(PRWEB) June 13, 2013
Although the US expat tax deadline is June 17th (already including the two month extension for expats), for many Americans living abroad, it’s still simply not possible to file in time. The complexity of trying to gather the relevant tax documents when an expat’s host country tax year is different from the US tax year can be overwhelming at best- and impossible for some- as such the June 17th deadline may be impossible to meet for some expats. For example, for expats living in countries such as Australia (where the tax year doesn’t end until June 30th), critical tax documents such as salary information won’t even be issued until after the US expat tax deadline has past.
Today, Greenback Expat Tax Services, a team of CPAs and IRS Enrolled Agents that specializes in US expat tax preparation, provides critical guidance to US expats who need to understand how to extend their filing deadline.
For Americans who need additional time to file, their best option is to file for an extension to October 15th 2013. The extension request is filed using Form 4868. Form 4868 can be mailed to the IRS or filed electronically. However, for most Americans living abroad, it is much more practical to take advantage of the electronic option given the difficulty and delay in mailing forms back home to the US.
To complete Form 4868, an individual will need his or her personal identification information handy. Personal identification information includes an individual’s social security or tax ID number and mailing address. If spouses are filing jointly, information for both people will be needed.
However, Greenback Co-Founder David McKeegan offers an important word of caution “Although filing an extension is a good option for many, we always recommend filing your taxes as early as you can. Why? Because if any taxes are owed, interest will be due on the underpayment as of April 15th. So, for those that potentially have large tax liabilities it pays to file as soon as possible.”
To minimize interest payments, some expats choose to make an advance payment based on potential taxes owed to minimize their potential interest penalties. If an expat has not yet paid the taxes they owe, a payment should be made as soon as possible to avoid further penalties. For expats who have been abroad for a few years, using the previous year’s tax payment owed is a good way to estimate the current year’s tax obligation. Those Americans living abroad whose situation has changed significantly or who are new to expat life may need to contact a tax accountant who specializes in expat taxes to assess potential taxes due.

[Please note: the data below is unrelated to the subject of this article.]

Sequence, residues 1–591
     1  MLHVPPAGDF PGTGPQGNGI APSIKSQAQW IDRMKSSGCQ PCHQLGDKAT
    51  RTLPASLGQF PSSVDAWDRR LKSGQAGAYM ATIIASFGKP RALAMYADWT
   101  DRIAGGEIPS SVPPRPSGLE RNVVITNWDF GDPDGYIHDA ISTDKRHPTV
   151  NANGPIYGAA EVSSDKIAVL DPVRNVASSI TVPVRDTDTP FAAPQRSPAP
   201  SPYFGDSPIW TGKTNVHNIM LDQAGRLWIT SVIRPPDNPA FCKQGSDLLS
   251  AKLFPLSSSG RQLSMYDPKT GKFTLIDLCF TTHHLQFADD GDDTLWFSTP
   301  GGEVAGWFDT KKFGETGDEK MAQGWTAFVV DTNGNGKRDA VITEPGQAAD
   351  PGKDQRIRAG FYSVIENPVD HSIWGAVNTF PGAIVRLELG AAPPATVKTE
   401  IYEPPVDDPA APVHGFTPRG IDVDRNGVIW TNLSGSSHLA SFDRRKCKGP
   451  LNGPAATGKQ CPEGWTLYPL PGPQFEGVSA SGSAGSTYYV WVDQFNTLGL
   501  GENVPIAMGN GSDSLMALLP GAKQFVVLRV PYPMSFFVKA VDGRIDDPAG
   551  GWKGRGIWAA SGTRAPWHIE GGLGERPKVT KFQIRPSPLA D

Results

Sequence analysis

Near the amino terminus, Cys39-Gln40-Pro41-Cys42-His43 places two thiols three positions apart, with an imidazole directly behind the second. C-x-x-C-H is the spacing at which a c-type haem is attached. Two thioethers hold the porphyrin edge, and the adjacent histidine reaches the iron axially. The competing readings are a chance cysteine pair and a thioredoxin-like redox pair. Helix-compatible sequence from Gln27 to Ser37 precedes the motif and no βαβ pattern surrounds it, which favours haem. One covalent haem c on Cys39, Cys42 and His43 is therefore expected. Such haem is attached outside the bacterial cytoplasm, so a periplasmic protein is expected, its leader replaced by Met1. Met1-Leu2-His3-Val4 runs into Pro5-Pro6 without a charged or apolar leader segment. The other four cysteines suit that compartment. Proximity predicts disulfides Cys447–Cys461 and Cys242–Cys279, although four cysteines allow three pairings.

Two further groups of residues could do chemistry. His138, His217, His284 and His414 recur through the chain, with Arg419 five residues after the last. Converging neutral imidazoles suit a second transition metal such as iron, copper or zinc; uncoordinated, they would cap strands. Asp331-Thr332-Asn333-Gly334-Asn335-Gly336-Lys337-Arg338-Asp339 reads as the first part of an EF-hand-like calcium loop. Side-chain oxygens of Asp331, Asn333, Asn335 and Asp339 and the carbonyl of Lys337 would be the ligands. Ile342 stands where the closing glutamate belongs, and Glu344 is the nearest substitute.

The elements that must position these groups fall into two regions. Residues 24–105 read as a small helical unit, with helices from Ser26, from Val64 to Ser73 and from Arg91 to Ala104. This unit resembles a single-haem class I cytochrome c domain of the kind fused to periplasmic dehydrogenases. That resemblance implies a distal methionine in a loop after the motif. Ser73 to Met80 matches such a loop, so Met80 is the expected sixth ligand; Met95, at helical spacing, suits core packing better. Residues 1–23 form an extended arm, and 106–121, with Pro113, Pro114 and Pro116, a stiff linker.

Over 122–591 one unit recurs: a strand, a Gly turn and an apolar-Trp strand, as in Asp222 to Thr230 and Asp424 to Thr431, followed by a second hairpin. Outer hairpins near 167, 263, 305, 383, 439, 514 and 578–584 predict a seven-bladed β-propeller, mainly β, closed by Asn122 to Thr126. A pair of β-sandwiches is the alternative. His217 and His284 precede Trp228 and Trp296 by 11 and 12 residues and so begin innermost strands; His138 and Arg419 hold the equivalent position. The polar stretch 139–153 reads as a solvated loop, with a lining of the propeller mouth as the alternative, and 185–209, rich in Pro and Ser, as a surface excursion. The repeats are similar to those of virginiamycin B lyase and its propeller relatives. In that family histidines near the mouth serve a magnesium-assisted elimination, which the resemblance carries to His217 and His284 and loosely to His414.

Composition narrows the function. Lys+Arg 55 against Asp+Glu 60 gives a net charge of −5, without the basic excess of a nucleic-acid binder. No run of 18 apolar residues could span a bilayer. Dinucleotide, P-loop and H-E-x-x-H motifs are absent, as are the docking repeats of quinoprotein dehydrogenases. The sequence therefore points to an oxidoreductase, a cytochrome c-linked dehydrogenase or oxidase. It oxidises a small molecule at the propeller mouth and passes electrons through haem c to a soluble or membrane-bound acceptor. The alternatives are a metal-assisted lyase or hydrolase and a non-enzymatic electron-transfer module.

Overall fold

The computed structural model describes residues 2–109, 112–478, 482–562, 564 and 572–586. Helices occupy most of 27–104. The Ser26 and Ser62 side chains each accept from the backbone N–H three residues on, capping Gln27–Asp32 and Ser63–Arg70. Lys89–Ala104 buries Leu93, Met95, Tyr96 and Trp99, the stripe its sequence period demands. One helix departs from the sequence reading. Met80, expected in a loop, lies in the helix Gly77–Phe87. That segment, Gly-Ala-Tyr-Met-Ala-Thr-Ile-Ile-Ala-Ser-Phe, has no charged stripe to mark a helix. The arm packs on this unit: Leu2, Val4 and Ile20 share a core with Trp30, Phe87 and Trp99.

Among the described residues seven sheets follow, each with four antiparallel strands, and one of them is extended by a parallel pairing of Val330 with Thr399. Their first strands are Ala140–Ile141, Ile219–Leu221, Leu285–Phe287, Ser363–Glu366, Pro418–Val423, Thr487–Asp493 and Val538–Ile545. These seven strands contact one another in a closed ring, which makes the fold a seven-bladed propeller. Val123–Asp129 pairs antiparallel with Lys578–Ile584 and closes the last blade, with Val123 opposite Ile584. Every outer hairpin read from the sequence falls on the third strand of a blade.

Another important distinction, which Americans living abroad need to understand, is how an extension impacts the individual’s FBAR filing requirements. According to Mr. McKeegan, “Regardless of whether you get an extension on your US tax return or not, the FBAR is still due on June 30th every year. The penalties for missing the deadline or not filing can be pretty draconian.” The FBAR, form TDF 90-22.1, must be received (not postmarked) by the Treasury by June 30th. The Treasury Department requires that all US citizens who have more than $10,000 in aggregate in foreign bank accounts at any point during the tax year need to file the FBAR. Some Americans living abroad may also need to file Form 8938 to declare their foreign assets, but this form is part of the federal tax return and will have the same deadline.
Greenback Tax is pleased to offer free extensions to the October 15th deadline to its clients as part of their US expat tax preparation service.
More About Greenback Expat Tax Services
Greenback Expat Tax Services specializes in the preparation of US expat taxes for Americans living abroad. Greenback offers straightforward pricing, a simple, hassle-free process, and CPAs and EAs who have extensive experience in the field of expat tax preparation. For more information about Greenback Expat Tax Services, FATCA, FBARs, or other issues related to US expat taxes, please visit us at http://greenbacktaxservices.com